Bill Ward: King of the Big Boob Cartoons
By Jeff Alexander
Cartoonist Bill Ward created some of the most prolific pinup art during his tenure yet remains in relative obscurity. Best known for his character, ‘Torchy Todd,’ Ward is undeniably a trailblazer in the world of pinup cartoons yet his name goes largely unknown despite an extensive portfolio.
Ward’s name returned to the public eye in 2017 when one of his original works appeared on the popular PBS program, Antiques Roadshow. An original 1949 Torchy poster was valued at over $3,000, much to the owner’s delight.
Ward rose to prominence during pinup art’s golden age of the ‘40s and ‘50s but remained in the shadows of his peers like Gil Elvgren. Perhaps Elvgren was more respected because he worked in the traditional medium of paint while Ward’s sketches were published on simple newsprint? To his publishers, Ward was satiating readers seeking more risque illustrations and he continued filling that need. Employing his trademark Conte crayon technique, Ward’s illustrations really popped on newsprint and captivated readers with his unique ability to have cartoon lingerie sheen and even shimmer! Ward’s work began boasting a more personal and recognized style. If his peers were working to recreate lifelike stills of Americana pinups with glamorized imagery, Ward broke from that paradigm with a more cartoon-based celebration of vivacious and curvy women. His work was often accompanied by campy, humorous headlines.
"Sure Johnny, you can bury daddy. Start with his head first!"
Hailing from Brooklyn, Ward immediately gravitated to art and attended Pratt Institute, a well-respected and prestigious school known for its fine arts programs. In a stroke of irony, being drafted by the U.S. Army in World War II was the catalyst for Ward’s Torchy Todd character concept. Perhaps out of isolation or lust, Ward ultimately created the buxom blonde for Fort Hamilton’s army paper. After his service, Ward began his career as a cartoonist and Torchy made her official comic book debut in Doll Man #8, published by Quality Comics in 1946. Luckily for Ward, the golden age of American comics ran parallel to the explosive popularity of pinup and cheesecake art. Hard-boiled detective novels and other ‘dime store’ pulps had covers adorned with pinup imagery and other racy themes. Artists were finding an abundance of work and Torchy Todd’s popularity grew, leading to a solo comic series that ran from November 1949 until September 1950.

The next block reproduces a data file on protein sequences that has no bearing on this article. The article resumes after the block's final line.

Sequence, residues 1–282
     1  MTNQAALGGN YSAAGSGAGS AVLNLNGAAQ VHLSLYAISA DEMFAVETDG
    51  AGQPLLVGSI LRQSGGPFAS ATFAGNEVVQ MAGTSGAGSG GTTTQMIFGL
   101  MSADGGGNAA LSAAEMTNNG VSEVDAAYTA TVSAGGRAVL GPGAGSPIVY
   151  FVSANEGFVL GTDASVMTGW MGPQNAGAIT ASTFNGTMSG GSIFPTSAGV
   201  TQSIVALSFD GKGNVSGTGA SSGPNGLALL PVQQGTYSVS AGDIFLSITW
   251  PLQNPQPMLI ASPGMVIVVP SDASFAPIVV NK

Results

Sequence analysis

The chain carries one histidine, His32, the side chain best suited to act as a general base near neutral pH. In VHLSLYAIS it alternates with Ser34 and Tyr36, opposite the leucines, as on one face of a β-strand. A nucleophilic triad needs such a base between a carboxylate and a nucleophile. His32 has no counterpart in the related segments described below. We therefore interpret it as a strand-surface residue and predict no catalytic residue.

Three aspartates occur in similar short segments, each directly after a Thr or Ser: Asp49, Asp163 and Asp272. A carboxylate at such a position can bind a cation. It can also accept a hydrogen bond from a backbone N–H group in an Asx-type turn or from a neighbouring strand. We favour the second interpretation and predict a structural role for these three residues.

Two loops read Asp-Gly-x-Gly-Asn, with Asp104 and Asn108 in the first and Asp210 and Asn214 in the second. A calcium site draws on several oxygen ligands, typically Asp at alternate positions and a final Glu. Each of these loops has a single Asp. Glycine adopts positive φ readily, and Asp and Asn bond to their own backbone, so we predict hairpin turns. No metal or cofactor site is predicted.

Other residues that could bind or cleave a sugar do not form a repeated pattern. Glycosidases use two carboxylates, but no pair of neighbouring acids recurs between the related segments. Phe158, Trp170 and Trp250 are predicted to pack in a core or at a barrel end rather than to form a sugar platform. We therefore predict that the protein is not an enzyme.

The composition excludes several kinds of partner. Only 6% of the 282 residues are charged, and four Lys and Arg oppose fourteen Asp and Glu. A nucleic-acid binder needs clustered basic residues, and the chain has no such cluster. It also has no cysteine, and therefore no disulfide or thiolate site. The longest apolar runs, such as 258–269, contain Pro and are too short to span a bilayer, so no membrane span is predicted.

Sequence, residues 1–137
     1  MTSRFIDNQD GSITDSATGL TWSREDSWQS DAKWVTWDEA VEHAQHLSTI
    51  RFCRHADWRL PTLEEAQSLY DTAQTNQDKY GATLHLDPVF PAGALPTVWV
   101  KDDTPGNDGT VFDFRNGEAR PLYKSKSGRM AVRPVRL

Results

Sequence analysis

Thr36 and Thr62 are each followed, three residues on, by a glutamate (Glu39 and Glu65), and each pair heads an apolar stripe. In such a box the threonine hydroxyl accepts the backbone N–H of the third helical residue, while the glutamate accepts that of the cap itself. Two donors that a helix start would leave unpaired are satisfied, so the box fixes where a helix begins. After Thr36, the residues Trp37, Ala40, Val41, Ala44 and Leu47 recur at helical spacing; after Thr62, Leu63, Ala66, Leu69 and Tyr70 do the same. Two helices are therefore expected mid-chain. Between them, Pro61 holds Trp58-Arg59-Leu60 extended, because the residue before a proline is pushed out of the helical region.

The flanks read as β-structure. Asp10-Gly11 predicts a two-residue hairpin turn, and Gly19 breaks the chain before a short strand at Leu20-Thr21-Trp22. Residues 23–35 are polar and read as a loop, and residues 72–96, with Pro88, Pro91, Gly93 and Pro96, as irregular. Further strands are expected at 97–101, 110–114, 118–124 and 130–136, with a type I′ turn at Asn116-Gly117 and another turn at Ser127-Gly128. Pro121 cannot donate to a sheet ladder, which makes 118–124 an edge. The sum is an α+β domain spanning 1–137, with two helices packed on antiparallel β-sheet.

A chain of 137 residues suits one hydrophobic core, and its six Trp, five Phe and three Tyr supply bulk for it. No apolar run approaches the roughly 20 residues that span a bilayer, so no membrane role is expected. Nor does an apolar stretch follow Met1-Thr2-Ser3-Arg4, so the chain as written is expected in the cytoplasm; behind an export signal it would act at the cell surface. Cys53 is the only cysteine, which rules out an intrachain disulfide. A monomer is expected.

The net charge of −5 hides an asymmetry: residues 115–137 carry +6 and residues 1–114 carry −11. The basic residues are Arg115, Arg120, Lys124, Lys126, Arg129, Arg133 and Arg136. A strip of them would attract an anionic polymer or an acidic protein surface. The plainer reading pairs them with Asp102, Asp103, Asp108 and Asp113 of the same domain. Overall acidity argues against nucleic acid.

"It's always a funny thing Miss DeBere — but no matter how many times I audition girls — it always seems like the first time!"
Ward continued his illustration career with the Blackhawk comic, earning an April 1953 cover. He ultimately transitioned to magazine cartooning, which gave way to his adult-themed work that characterized his later career with Juggs, Leg Show, and Screw. The ‘70s were certainly the right match for Ward’s more sexual characters! As the decade drew to a close, Ward’s popularity dwindled as ‘the decade of excess’ ushered in more stylized portrayals of women thanks to the rise of consumerism. His work would make the odd appearance in comics but his erotic work continued within John Mozzer’s Weird Smut comics issue 1 in 1985 and in 1987’s issue 2. Though he had proven success as a cartoonist, Ward remained a freelancer for his career. One could argue that the timeless imagery within Playboy would have offered Ward another, more permanent platform for his work but nothing came to fruition and he continued as a freelancer for the remainder of his career.
"I know my husband will meet a violent end. What I want to know is, will I be convicted?"
Ward passed in 1998 and it appears his personal life remains in the shadows despite proudly producing work featuring characters welcoming the spotlight. His work has slowly seen a resurgence thanks to Comic Images’ 1994 release of Torchy collector card series sets. It can be said that the character Jessica Rabbit in the hit film Who Framed Roger Rabbit? bore a strong resemblance to Ward’s curvy cartoon ladies, but the producers never commented if any kind of homage was being paid to Ward’s legacy.
One can argue that new generations embracing pinup culture and couture have yet to discover Ward’s work but once they do, his character Torchy Todd will live on as a testament to individuals proudly flaunting their buxom figures complemented with undeniable self-confidence.